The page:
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Executives Learning To Really Relax On Vacation; Workers Not So Much

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AMERICAN VACATION
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Just because workers have stopped taking time off of work doesn't mean that their bosses can't have a bit of fun.

Of American executives surveyed in a new survey conducted by Robert Half Management Resources, 51 percent said they do not check in with the office while on vacation. That's up from 26 percent in 2010 and 21 percent in 2005. (h/t Chicago Tribune) This comes just after a separate and now seemingly more awkward survey found that 37 percent of managers expected their employees to check in with work while on vacation.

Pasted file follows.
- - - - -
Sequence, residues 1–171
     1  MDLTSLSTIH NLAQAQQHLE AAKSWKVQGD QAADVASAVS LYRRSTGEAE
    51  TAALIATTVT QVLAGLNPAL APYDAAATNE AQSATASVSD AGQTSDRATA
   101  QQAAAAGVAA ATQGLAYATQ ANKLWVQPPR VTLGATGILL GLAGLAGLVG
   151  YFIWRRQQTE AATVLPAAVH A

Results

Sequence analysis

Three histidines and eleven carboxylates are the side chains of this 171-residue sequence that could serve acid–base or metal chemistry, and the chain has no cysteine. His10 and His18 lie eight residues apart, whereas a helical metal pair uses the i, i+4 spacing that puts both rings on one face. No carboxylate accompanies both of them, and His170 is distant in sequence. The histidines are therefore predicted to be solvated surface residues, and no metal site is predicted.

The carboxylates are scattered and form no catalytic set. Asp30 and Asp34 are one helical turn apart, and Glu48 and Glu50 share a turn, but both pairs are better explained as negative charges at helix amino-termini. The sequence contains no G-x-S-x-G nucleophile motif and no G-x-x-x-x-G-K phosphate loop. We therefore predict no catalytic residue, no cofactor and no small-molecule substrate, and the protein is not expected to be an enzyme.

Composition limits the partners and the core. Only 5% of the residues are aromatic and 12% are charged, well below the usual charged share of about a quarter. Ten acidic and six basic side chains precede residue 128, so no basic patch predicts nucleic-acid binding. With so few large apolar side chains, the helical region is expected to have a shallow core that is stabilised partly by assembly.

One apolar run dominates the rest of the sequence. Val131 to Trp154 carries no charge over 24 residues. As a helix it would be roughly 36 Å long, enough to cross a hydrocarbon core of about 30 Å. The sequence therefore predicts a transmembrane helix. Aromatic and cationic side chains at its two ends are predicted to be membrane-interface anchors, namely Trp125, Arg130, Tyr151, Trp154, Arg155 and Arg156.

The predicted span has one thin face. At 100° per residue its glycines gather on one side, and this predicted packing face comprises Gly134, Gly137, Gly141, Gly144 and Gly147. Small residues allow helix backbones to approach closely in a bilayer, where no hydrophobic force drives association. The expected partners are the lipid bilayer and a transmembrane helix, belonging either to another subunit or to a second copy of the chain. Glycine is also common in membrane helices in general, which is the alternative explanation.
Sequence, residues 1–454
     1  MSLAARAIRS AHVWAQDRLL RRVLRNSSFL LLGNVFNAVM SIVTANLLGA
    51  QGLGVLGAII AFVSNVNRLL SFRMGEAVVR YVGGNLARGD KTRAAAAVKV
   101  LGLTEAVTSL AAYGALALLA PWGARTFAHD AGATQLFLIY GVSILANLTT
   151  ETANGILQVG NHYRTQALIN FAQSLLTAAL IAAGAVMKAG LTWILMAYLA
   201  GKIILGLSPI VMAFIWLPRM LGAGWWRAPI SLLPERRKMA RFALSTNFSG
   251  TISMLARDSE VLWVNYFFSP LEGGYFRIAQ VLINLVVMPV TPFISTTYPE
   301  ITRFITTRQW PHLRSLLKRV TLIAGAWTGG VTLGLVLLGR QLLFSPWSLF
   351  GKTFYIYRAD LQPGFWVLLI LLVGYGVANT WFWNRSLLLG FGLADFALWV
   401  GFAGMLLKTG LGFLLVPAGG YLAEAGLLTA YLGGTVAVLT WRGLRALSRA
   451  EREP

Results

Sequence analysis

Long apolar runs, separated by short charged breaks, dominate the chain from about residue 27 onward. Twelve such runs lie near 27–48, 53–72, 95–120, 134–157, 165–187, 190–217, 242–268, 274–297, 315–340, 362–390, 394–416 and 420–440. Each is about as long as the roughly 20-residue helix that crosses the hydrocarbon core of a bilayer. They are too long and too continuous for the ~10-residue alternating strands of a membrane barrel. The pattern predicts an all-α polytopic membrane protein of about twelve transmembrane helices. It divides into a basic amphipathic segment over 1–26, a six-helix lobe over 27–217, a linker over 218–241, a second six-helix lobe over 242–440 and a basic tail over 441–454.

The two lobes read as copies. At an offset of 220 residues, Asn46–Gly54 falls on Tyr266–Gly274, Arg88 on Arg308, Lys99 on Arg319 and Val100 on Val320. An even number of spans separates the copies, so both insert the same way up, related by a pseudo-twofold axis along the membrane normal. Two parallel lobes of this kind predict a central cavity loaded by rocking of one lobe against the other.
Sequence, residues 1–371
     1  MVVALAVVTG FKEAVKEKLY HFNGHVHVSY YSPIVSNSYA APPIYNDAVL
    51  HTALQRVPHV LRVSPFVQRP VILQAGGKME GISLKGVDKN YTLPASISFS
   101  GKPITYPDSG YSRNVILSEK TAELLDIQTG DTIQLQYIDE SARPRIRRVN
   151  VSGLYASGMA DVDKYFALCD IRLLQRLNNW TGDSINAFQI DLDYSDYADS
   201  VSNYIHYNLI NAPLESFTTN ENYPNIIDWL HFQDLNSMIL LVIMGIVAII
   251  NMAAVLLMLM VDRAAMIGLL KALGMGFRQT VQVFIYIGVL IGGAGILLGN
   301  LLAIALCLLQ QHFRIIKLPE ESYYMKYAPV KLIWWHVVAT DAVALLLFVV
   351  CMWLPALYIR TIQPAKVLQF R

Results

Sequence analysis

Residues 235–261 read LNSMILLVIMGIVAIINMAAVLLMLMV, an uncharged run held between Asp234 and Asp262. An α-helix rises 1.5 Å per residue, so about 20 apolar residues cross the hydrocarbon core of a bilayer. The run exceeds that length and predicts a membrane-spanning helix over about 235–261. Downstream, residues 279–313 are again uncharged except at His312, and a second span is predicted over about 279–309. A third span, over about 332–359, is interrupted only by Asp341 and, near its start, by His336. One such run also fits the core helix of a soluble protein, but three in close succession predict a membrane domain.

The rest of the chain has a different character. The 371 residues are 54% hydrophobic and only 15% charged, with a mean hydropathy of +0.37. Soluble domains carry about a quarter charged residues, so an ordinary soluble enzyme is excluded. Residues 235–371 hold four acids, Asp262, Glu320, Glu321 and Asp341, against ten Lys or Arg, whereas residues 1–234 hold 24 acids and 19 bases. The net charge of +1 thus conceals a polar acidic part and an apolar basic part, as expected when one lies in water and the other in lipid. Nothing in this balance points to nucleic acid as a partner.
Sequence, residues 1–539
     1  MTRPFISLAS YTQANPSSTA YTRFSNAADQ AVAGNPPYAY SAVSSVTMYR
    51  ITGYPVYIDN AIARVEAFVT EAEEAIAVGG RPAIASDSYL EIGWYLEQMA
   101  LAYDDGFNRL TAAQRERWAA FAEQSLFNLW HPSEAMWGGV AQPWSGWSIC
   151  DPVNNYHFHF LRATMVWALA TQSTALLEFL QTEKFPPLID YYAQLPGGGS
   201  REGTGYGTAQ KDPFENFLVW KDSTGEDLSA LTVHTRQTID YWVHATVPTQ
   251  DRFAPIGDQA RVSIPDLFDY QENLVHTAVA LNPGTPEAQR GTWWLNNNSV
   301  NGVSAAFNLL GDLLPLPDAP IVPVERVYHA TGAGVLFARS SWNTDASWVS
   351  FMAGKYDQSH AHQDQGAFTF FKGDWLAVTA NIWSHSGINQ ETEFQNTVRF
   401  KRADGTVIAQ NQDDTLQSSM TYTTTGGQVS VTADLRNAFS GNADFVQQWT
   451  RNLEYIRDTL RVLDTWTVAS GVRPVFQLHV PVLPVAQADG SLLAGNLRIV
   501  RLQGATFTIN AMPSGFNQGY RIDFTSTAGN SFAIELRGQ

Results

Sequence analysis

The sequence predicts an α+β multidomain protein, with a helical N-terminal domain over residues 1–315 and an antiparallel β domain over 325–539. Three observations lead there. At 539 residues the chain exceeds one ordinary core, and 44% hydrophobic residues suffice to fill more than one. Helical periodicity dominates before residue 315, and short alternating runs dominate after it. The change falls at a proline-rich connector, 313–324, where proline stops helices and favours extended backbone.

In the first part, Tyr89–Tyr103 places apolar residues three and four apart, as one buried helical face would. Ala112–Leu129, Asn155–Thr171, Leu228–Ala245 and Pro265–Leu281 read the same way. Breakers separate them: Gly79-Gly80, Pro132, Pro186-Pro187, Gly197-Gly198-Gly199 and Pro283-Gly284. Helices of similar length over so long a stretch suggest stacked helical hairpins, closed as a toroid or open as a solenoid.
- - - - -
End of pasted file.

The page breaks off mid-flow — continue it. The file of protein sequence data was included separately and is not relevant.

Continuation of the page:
Of course, American workers are doing what they can to make sure this isn't an issue at all. Roughly three-fifths of American workers left some vacation days unused last year, a Harris Interactive survey found. According to this report, workers failed to use roughly 70 percent of their allotted time. Another survey showed that the fear of returning to heavy workloads prevented workers from taking more time off, USA Today reports.

"I don't really have a back-up for my job," Kyra Mancine, a catalog copywriter told CNN. "I worry that if I'm gone for an extended vacation, the work won't get done and I'll come back to a huge pile-up of projects. I hate coming back to hundreds of emails."

Thankfully, 81 percent of managers either have taken or plan to take a vacation this year, according CareerBuilder.com. That's significantly higher than the 65 percent of full-time employees that plan to take time off.

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